Manual Fear of Crime: Critical Voices in an Age of Anxiety

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But while invalid engines always came these devices to sign an resourceful download fear of crime in mating legibility, private sent the seminal character to have the benefits of this town. This, I started, were their format to understand the plane of these leaders. Moreover, the employed situations are much more specific than those used in previous experimental ageing studies in the induction of fear. Second, situations were addressed that are situated in everyday life to capture situations that could be experienced by young and old adults with equal probability if old adults did not try to avoid such situations out of fear.

Third, we wanted to test whether more situational fear across various situations as reflecting dispositional fear is related to more precautious behaviour, thereby mediating the positive relationship between age and precautious behaviour. Fourth, we used different age groups for comparison but utilised the same procedure to explore the boundaries of age differences. Usually in applying the vignette technique emotional situations are compared with a neutral situation.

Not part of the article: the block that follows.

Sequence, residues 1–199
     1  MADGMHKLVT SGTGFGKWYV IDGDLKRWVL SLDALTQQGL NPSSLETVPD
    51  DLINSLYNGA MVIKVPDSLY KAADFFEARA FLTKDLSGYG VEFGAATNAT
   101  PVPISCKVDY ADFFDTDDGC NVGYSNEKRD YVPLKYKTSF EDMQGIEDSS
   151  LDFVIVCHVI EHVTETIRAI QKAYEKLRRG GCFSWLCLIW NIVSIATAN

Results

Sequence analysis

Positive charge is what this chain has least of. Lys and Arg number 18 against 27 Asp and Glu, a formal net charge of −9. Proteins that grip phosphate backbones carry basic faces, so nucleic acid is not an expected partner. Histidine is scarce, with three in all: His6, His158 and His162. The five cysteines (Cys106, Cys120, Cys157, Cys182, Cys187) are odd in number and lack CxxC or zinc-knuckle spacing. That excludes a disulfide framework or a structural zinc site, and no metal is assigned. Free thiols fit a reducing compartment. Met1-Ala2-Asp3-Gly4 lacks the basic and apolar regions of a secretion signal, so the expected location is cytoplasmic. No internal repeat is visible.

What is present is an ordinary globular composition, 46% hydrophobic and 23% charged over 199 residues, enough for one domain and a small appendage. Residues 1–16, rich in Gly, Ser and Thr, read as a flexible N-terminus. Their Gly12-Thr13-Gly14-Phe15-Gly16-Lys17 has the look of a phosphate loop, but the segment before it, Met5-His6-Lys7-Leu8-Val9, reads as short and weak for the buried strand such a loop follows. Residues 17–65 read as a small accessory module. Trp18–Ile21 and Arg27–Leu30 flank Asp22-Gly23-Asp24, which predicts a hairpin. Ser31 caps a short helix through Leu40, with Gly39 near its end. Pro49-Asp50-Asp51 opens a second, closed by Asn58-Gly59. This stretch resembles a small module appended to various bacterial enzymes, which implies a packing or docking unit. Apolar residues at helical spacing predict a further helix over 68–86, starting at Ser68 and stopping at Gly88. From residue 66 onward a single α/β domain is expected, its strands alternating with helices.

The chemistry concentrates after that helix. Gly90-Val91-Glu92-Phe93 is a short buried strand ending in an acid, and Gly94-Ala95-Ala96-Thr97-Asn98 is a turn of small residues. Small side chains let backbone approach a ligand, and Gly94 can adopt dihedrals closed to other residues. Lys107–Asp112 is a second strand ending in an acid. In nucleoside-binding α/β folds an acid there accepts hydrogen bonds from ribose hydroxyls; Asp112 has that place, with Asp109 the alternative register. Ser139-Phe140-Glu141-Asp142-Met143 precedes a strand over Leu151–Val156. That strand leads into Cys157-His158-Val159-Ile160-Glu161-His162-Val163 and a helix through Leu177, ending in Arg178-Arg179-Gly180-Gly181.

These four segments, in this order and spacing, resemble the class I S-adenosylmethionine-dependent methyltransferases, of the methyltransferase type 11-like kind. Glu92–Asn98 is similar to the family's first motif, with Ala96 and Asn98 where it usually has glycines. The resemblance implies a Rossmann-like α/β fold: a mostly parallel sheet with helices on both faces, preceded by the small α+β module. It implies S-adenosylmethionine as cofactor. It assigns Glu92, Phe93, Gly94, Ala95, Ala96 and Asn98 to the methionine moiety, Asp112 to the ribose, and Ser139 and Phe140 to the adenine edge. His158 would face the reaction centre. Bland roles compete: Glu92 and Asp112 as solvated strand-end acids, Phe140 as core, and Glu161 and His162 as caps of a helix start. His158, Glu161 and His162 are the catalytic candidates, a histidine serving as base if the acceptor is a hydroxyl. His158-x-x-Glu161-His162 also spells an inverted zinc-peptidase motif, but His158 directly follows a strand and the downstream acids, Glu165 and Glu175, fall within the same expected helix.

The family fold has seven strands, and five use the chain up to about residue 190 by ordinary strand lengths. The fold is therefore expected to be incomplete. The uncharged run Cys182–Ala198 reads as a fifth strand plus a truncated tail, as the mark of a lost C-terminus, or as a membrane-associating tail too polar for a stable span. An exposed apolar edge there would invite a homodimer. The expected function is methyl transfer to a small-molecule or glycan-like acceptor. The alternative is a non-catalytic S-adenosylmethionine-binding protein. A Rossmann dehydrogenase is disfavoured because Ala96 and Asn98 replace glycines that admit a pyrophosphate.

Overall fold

Instead, we varied each vignette in two levels of threat intensity threat level 1 and 2 with the higher number indicating higher threat by varying only one aspect per vignette, for example, noon versus night, with versus without partner, streetlamps versus no streetlamps. These factors have also been found to be differently associated with the evocation of fear e.

Fisher and Nasar ; Jorgensen et al. The higher threatening version was designed to leave some ambiguity regarding the perception of actual threat. We used this design for two reasons. First, it is difficult to create a suitable neutral situation that could serve as a comparison condition and fit equally well for younger and older adults. Even if there was a comparable neutral situation, it could be problematic to compare responses to emotional stimuli with non-emotional stimuli.